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A Guide to Chemical Exfoliating with AHA & BHAs

Different chemical exfoliants hold unique skincare properties. Read about AHA & BHA exfoliating acids & understand how their uses can visibly improve your skin.

Exfoliation plays a key part in any effective skincare routine due to its ability to revive, renew and enhance skin’s healthy appearance by removing dead skin cells. It achieves these results by breaking down the ‘glue’ that holds dead and damaged skin cells together which allows them to gently slough away. This removal of the upper layer of the epidermis provides an opportunity for new skin cells to emerge which in turn promotes healthy, rejuvenated looking skin.

There are two types of exfoliants; chemical and physical. Physical exfoliants are formulated with a coarse texture to manually buff away dead skin, whereas chemical exfoliants contain acids or enzymes that dissolve and loosen dead skin cells. Chemical exfoliants have been adopted by the skincare industry for over 40 years without being abrasive or rough to the outer layer of skin.1 Most chemical exfoliating skincare products used within the industry derive from either alpha-hydroxy acids (AHAs) or beta-hydroxy acids (BHAs), both of which are types of hydroxy acids. Understanding the types of ingredients used in chemical exfoliants for the face will help to address your individual skincare needs.

What's The Difference Between AHA and BHA Chemical Exfoliants? (1)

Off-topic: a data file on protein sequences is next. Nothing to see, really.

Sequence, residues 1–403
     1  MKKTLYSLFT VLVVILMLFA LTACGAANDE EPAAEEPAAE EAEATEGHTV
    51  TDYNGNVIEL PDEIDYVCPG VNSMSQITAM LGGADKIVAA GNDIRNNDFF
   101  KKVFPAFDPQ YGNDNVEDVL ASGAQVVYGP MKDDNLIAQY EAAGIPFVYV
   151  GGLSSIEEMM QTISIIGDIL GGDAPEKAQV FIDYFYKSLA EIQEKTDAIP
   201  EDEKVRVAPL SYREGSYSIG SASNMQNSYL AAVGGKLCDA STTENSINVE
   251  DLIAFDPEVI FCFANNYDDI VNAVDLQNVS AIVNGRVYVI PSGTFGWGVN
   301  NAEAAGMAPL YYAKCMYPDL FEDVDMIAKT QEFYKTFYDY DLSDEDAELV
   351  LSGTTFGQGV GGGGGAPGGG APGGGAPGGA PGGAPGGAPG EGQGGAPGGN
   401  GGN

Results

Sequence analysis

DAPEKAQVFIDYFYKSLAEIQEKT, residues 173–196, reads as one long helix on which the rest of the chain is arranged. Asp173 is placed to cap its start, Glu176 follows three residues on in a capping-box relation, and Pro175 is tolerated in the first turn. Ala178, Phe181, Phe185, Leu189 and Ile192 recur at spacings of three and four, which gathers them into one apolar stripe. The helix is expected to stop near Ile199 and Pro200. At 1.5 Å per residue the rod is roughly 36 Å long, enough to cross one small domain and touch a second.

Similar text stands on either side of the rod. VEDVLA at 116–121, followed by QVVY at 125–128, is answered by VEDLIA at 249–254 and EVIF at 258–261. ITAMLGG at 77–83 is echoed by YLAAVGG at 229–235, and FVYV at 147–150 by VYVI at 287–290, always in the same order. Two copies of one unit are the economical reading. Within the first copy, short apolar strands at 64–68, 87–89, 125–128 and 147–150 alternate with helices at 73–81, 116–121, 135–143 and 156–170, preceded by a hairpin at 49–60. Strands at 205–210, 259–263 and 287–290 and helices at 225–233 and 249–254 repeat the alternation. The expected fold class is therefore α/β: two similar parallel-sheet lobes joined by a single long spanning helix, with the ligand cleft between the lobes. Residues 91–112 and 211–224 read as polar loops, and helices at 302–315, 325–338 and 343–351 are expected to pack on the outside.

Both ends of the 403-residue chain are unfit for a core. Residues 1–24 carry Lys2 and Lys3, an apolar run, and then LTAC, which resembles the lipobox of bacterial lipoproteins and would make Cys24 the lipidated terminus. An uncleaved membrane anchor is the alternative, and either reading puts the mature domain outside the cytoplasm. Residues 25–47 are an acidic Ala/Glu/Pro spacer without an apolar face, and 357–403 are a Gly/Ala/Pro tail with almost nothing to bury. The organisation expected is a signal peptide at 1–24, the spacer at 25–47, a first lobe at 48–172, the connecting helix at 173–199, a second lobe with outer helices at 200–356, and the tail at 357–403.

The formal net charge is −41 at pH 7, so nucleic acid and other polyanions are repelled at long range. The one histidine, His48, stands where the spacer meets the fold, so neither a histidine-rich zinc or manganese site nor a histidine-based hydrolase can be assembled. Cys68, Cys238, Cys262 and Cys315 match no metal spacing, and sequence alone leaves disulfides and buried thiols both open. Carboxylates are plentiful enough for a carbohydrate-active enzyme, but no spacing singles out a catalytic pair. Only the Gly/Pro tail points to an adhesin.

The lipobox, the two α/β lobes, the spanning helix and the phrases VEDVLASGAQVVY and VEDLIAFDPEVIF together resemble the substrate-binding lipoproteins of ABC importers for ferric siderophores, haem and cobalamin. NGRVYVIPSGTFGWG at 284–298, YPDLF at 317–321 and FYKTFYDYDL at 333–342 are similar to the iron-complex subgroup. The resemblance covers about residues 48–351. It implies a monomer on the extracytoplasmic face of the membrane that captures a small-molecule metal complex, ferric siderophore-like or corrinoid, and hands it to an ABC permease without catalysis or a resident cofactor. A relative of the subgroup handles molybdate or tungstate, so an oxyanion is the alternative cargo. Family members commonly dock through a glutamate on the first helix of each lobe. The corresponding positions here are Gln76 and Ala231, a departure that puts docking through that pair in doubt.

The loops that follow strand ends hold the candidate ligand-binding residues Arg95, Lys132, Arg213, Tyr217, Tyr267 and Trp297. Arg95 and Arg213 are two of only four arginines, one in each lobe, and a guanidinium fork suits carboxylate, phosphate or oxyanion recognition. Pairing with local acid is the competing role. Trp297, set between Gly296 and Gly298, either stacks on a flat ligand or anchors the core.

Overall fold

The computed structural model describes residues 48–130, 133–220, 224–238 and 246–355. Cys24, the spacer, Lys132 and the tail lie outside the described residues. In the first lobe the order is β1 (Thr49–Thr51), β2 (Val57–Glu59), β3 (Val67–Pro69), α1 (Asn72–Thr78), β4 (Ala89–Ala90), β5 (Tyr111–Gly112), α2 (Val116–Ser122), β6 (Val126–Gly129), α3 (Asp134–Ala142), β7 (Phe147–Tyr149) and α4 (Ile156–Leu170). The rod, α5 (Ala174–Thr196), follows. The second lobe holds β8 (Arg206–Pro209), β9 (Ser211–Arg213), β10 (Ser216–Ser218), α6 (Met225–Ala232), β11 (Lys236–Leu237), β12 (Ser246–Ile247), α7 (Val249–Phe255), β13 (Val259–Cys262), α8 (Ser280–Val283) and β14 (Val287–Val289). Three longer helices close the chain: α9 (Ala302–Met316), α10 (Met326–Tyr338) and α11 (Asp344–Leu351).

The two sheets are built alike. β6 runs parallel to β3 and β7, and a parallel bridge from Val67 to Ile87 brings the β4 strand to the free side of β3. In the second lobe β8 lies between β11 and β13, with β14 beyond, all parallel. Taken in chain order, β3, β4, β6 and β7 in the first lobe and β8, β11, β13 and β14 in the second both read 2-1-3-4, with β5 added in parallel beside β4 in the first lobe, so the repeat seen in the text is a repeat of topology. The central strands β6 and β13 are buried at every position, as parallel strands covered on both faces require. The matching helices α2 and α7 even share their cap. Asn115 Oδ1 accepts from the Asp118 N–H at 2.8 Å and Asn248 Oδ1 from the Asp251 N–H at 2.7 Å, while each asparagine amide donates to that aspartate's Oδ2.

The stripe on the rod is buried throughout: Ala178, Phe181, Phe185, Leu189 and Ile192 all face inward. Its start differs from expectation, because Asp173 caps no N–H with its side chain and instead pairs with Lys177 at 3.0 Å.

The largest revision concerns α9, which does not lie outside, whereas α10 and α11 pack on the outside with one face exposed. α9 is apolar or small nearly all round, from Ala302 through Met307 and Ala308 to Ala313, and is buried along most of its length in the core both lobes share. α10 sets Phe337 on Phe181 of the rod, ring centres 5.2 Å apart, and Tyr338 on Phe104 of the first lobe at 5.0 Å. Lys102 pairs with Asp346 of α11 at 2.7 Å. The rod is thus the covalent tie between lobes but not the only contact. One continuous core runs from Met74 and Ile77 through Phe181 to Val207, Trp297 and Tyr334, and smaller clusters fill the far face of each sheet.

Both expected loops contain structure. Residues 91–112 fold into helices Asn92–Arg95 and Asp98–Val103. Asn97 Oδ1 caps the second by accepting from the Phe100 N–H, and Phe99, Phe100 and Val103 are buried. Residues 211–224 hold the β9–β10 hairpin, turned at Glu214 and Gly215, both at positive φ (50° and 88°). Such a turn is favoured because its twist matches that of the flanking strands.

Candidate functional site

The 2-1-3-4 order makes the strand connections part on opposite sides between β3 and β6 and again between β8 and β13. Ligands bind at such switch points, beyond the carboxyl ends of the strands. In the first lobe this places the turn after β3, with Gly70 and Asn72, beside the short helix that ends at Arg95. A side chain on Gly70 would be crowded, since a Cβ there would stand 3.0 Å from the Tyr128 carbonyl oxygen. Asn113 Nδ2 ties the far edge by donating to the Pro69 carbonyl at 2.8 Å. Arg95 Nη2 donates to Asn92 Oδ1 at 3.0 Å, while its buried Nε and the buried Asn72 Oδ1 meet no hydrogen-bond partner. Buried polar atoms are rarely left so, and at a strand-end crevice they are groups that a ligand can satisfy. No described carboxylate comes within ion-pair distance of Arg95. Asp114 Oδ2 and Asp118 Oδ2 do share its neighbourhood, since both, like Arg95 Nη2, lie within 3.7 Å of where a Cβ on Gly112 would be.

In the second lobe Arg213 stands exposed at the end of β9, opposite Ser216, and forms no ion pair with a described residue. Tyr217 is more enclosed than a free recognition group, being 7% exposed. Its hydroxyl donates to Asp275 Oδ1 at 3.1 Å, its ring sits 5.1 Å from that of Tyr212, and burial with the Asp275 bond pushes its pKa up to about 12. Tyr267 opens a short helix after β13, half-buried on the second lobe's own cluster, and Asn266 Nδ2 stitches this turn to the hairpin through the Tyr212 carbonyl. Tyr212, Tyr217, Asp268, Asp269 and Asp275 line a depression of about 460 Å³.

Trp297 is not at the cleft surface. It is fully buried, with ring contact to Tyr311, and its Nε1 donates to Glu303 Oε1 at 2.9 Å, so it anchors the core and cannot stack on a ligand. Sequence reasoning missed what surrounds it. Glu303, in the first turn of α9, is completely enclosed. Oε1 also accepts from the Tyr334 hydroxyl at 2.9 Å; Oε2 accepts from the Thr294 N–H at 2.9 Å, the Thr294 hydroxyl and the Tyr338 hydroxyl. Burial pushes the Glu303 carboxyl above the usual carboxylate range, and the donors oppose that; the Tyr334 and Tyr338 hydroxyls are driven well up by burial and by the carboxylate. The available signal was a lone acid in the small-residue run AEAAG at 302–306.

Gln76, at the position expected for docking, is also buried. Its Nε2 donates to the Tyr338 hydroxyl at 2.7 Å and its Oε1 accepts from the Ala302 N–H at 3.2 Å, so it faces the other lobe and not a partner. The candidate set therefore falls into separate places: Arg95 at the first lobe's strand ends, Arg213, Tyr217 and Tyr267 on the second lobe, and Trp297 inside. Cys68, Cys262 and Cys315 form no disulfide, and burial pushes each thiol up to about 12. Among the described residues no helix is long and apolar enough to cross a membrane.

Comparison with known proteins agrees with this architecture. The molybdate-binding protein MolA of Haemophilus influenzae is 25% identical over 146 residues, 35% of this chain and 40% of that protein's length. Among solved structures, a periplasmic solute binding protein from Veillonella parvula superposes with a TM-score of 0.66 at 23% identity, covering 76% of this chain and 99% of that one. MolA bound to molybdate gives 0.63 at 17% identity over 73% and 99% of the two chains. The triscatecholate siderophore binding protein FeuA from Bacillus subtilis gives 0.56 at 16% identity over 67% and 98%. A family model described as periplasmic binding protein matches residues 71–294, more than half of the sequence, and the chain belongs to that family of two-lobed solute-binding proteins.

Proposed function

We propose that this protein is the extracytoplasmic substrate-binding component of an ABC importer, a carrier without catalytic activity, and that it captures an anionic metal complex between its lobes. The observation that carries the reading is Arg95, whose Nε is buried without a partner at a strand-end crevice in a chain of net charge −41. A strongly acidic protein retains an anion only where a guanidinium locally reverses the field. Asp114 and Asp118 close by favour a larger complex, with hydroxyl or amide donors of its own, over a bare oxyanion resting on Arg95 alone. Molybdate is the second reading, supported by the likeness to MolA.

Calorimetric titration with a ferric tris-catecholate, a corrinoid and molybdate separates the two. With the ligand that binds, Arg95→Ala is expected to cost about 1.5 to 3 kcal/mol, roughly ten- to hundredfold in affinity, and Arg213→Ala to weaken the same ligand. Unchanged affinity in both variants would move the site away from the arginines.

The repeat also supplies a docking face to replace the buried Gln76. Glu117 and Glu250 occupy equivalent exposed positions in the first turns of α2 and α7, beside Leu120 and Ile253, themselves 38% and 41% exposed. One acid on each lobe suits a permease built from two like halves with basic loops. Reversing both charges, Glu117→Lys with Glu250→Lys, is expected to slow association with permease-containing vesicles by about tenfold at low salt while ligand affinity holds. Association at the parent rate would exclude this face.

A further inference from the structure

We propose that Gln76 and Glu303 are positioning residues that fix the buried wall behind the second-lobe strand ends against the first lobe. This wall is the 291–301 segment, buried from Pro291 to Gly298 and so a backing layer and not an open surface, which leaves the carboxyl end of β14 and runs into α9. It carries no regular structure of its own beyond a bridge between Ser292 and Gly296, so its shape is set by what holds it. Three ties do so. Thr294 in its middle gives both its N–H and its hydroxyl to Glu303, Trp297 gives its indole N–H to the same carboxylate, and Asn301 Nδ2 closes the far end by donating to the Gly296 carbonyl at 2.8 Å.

Alpha-hydroxy acids and beta-hydroxy acids are the two primary classes of hydroxy acids used in skincare. AHAs are water-soluble chemical exfoliating acids that stimulate the shedding of upper epidermal cells. Alpha-hydroxy acids can work to address skin concerns like scarring, pigmentation, dryness, wrinkles and acne-prone skin by breaking down the outer layer of the skin. This purposeful disruption encourages old and damaged cells to shed, revealing new, rejuvenated cells on the skin’s surface. Beta-hydroxy acids work similarly to AHAs, however, they are lipid-soluble and break down in oil. This compound structure allows BHA exfoliants to penetrate the skin’s pores, rather than just the skin’s surface like AHAs2, making BHA chemical exfoliants ideal for oily skin types and those with enlarged and clogged pores. Beta-hydroxy acids also have a lower skin-irritancy effect in comparison to AHA exfoliators, making BHAs more compatible for people prone to skin sensitivity. Both AHAs and BHAs can help address signs of ageing and encourage healthy skin cell turnover.